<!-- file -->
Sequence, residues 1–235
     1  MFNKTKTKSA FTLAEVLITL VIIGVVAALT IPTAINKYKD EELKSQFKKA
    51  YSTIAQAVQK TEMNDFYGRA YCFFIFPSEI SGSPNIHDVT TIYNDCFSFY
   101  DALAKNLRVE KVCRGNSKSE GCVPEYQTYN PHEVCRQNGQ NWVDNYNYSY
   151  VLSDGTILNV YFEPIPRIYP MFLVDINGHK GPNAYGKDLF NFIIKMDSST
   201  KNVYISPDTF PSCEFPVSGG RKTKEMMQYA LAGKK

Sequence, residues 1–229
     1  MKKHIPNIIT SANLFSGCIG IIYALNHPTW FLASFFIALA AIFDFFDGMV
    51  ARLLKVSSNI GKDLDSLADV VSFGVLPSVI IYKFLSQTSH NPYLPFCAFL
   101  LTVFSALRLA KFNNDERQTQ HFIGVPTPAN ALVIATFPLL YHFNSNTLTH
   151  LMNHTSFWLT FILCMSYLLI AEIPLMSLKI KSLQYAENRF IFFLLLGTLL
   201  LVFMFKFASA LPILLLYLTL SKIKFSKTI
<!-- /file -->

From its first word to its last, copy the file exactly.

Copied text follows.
Sequence, residues 1–235
     1  MFNKTKTKSA FTLAEVLITL VIIGVVAALT IPTAINKYKD EELKSQFKKA
    51  YSTIAQAVQK TEMNDFYGRA YCFFIFPSEI SGSPNIHDVT TIYNDCFSFY
   101  DALAKNLRVE KVCRGNSKSE GCVPEYQTYN PHEVCRQNGQ NWVDNYNYSY
   151  VLSDGTILNV YFEPIPRIYP MFLVDINGHK GPNAYGKDLF NFIIKMDSST
   201  KNVYISPDTF PSCEFPVSGG RKTKEMMQYA LAGKK

Sequence, residues 1–229
     1  MKKHIPNIIT SANLFSGCIG IIYALNHPTW FLASFFIALA AIFDFFDGMV
    51  ARLLKVSSNI GKDLDSLADV VSFGVLPSVI IYKFLSQTSH NPYLPFCAFL
   101  LTVFSALRLA KFNNDERQTQ HFIGVPTPAN ALVIATFPLL YHFNSNTLTH
   151  LMNHTSFWLT FILCMSYLLI AEIPLMSLKI KSLQYAENRF IFFLLLGTLL
   201  LVFMFKFASA LPILLLYLTL SKIKFSKTI